The risk of doing nothing . . . .
You've worked hard all your life, bought a home and set aside a nest egg. You've tried to do everything right. Lately, you've seen friends or family in similar situations lose everything because they needed to go into a nursing home. Could this happen to you or your spouse?
The bad news is more than half of seniors turning age 65 will need some long-term care during their lifetimes. Nursing home care, also known as long-term care, is expensive. It costs between $5000 to $7000 a month depending on where in the country you live. Many people assume Medicare covers nursing home costs but unfortunately, this is not true.
How To Pay For Long-Term Care
The high cost of nursing home care is an issue in this country because many Americans cannot afford long-term care and options are limited. Most people use one or more of the following options.
1. Long-term care insurance. This can be an expensive option. Like all insurance, the best time to buy it is when you don't need it. If you didn't buy it when you were younger, it may be too expensive now. There are some new hybrid insurance/lie estate options available you may want to check into. Unfortunately, these can also be expensive.
2. Private pay. If you have a couple of million dollars in assets, you may be able to pay for a few years of long-term care out of pocket and still be able to pay for the well spouse's living expenses. However, if you don't have millions, paying for long-term care could completely wipe out your hard-earned assets and leave nothing for your children.
3. Medicaid Long-Term Care Coverage. If you qualify for Medicaid long-term care coverage, Medicaid will pay all or a portion of your long-term care costs depending on your assets and income. Many people in nursing homes for more than a few months find they are running out of money and must switch from self-pay to Medicaid long-term care coverage to pay the nursing home. Medicaid long-term care coverage is a special program to assist people who meet certain financial requirements. It is not indigent care and should not be confused with other Medicaid programs for people living at or below the poverty level. Medicaid long-term care is basically a program for the middle-class to pay for skilled care. However, coverage under the program has a string attached - Medicaid estate recovery.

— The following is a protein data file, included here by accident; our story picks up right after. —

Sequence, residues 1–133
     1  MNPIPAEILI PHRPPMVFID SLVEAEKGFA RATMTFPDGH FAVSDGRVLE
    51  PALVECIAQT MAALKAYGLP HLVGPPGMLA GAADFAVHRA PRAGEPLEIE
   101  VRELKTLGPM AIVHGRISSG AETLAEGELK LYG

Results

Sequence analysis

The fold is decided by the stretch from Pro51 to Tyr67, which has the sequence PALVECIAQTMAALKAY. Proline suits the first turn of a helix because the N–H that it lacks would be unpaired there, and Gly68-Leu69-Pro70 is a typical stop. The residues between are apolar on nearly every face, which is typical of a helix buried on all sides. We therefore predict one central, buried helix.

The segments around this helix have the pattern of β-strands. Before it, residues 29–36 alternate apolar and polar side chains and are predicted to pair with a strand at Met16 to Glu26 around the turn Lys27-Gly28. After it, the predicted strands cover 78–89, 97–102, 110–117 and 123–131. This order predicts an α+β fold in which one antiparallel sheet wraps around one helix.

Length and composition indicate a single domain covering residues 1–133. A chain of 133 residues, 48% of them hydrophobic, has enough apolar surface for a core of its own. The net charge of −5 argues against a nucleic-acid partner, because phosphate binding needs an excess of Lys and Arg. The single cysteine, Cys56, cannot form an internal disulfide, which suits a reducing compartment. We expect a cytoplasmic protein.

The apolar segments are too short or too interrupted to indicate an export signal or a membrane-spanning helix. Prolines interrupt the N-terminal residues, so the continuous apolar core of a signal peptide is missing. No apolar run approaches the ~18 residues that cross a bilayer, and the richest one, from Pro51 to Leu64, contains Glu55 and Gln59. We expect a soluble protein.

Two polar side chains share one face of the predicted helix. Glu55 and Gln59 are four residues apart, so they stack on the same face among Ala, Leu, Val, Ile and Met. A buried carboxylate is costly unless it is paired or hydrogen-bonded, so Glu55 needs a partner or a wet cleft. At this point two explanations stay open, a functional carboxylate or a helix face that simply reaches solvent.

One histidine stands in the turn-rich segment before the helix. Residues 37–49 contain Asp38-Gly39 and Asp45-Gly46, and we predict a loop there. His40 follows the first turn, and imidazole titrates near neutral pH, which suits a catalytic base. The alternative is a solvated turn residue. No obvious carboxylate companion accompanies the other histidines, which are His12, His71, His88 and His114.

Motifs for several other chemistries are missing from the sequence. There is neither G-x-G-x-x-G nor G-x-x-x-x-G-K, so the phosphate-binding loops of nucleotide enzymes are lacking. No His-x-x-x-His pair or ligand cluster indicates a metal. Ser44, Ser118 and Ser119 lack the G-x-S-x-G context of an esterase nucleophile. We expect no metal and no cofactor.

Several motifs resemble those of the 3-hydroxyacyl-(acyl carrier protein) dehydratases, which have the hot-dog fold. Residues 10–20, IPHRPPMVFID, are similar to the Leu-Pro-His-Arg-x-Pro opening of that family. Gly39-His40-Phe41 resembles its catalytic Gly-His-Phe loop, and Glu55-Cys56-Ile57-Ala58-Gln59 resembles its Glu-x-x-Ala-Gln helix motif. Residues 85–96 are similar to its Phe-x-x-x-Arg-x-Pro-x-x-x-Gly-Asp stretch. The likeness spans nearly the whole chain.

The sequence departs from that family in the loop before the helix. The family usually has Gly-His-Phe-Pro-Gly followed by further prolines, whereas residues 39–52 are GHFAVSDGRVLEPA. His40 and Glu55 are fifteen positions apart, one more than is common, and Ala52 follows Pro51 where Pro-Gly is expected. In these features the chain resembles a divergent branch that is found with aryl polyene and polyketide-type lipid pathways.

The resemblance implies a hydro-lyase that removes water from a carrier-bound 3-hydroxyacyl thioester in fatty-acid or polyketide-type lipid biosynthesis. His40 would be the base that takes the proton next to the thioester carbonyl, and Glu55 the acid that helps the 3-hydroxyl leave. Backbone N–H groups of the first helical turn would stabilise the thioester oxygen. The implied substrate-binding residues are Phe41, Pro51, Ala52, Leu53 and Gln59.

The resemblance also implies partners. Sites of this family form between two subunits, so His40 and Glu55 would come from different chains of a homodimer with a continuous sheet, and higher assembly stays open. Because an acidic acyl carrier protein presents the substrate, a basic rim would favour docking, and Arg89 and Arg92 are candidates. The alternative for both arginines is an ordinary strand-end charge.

What is Medicaid Estate Recovery?
Medicaid estate recovery means that once you are gone, or if you are married, when your spouse is also gone, the state can force the sale of your estate assets after your death and take the money from the sale to pay itself back for benefits you received during your lifetime. In some states, Medicaid can go even further and take non-probate assets. This is called expanded estate recovery. Rules vary from state to state and you should consult with an attorney licensed in your state.
Is there any way to save your home from Medicaid Estate Recovery?
The good news is there are ways to protect yourself from losing everything to the nursing home. Special irrevocable trusts and other planning strategies can protect your hard-earned assets if you act quickly enough. By consulting with an elder law attorney and implementing the right advance planning, you can protect your home and life savings even if you need to apply for Medicaid long-term care coverage in the future.
Medicaid rules are complex and an elder law attorney can advise you about qualifying for Medicaid, Medicaid estate recovery, and the five-year look-back. You must take action as soon as possible to have full use of these planning tools. You should start proactive planning at least five years before you think you or your spouse will need to apply for Medicaid long-term care coverage.
Dealing with a Crisis Situation
What happens if you haven't planned and your spouse suddenly needs to go into a nursing home? There are crisis planning tools that an elder law attorney can use to save a portion of your assets. As with proactive planning, timing is everything. Before you apply for Medicaid long-term care for yourself or a family member, speak with an elder law attorney.
We're here to help. If you are in North or South Carolina and need help with long-term care planning, call 704.887.5242 to schedule a consultation with Nancy Roberts.